Respecting agency: When you talk about self-injurious behaviors, it’s important to react to what is actually happening, and not focus on fear of what may happen.

Hurt vs. Injury: Injury is bad. But we do things that hurt all the time. We play rugby. We pluck our hair. We get tattoos. We engage in things that aren’t going to cause any serious damage, but which are uncomfortable, like going camping. If it hurts, but isn’t injurious, try to lower your anxiety level. You may not need to intervene.

Hazard vs. Risk: I was supporting somebody at the child care area of the gym. The child kept running into the gym through the alarm door. There was another alarm door that went into the street. The child care supervisor said, “This child can’t be in the childcare area, because they keep running out the alarm door that goes into the gym, and therefore they could go out through the alarm door into the street,” even though that had never happened before. The kid was interested in being in the gym, not outside. True, it is a risk. The kid could run in the street. But it is a small enough risk that it isn’t a real hazard. The chances the kid is going to run out the door, into the street, and get hit by a car is low and doesn’t justify excluding the child from the program.

Unusual or atypical behavior vs. behavior that violates the rights of others: it’s important to respect people’s natural movements and their natural behaviors, and not interfere if they’re not hurting anybody. We need to interpret behavior developmentally, that is, if someone is a young child and they have an imaginary friend, we don’t consider that psychosis. Some adults also manage loneliness or work out problems by talking to imaginary friends. Sometimes somebody might be doing something that’s completely developmentally appropriate, like asking repeatedly, “When are we going to get there?” because they don’t have much experience with travel or they have a short term memory issue. That is not be a behavioral or psychiatric problem. It may just be developmental appropriate. It needs to be tolerated and accommodated.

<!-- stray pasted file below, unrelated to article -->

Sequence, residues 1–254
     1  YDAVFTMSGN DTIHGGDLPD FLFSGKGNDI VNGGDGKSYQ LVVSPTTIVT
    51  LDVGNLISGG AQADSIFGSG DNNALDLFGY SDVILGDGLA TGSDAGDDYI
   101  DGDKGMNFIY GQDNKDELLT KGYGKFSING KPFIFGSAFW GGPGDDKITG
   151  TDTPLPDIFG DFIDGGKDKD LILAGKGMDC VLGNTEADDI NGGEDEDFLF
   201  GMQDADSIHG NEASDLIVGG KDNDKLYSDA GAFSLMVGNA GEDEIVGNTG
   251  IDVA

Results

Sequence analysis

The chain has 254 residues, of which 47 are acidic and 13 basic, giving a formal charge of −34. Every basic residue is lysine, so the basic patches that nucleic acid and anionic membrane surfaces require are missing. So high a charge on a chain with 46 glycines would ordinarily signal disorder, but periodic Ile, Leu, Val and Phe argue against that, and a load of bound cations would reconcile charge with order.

Dr. Kripke's Responses to Audience Questions Regarding Managing Meltdowns

Meltdowns don’t usually come out of nowhere; there’s usually a buildup. It might start as a tantrum -- but we usually know it’s coming. If the thing that’s contributing to the meltdown is not addressed, it’s going to explode.

If the problem is a sensory issue, there’s no “mindful” way to address it -- you need to take care of that sensory issue, or remove the person from that sensory environment. Otherwise you’re on the path to an inevitable meltdown.

I think it’s a great strategy to teach people with intellectual disabilities mindfulness techniques, like a quiet mantra such as, “You’re safe, you’re loved, you’re home.”

You don’t want to get into a power struggle. When someone’s getting agitated, you don’t want to come at them head-on — if you confront them like that, you could get hit, you could get hurt. Try to give them space. If you have to approach, be non-confrontational and give plenty of room and warning. Try not to trap someone and try not to position yourself so you are trapped.

If you do need to intervene, try to approach from the side, and be gentle. You usually don’t need to abruptly stop them. You can just try to deflect them a little; to get them going in a slightly different direction. Try a light touch, or handing them something that you know is a comforting stim object. Use kind words the whole time: “It seems like you’re agitated. Here maybe this stim will help.” Usually you don’t need to make a huge change, just a slight change in direction. You can say, “We need to get you to the sidewalk instead of to the middle of the street.” or, “If you give me a chance I’ll just slide this little pad in so you don’t get a bloody head.”


1 Guinchat V, Cravero C, Diaz L, et al. Acute behavioral crises in psychiatric inpatients with autism spectrum disorder (ASD): recognition of concomitant medical or non-ASD psychiatric conditions predicts enhanced improvement. Res Dev Disabil. Mar 2015;38:242-255.

2 Hutchinson LM, Hastings RP, Hunt PH, Bowler CL, Banks ME, Totsika V. Who's Challenging Who? Changing attitudes towards those whose behaviour challenges. J Intellect Disabil Res. Feb 2014;58(2):99-109.

3 Mandell DS, Xie M, Morales KH, Lawer L, McCarthy M, Marcus SC. The interplay of outpatient services and psychiatric hospitalization among Medicaid-enrolled children with autism spectrum disorders. Arch Pediatr Adolesc Med. Jan 2012;166(1):68-73.

4 Roth DL, Haley WE, Hovater M, Perkins M, Wadley VG, Judd S. Family Caregiving and All-Cause Mortality: Findings from a Population-based Propensity-matched Analysis. Am J Epidemiol. Oct 3 2013.

5 Hsiao Y-J. Pathways to mental health-related quality of life for parents of children with autism spectrum disorder: roles of parental stress, children's performance, medical support, and neighbor support. Research in Autism Spectrum Disorders. 2015;23:122-130.

6 Bekhet AK. The Mediating Effects of Positive Cognitions on Autism Caregivers' Depression and Their Children's Challenging Behaviors. Arch Psychiatr Nurs. Feb 2016;30(1):13-18.

7 Weiss JA, Tint A, Paquette-Smith M, Lunsky Y. Perceived self-efficacy in parents of adolescents and adults with autism spectrum disorder. Autism : the international journal of research and practice. May 27 2015.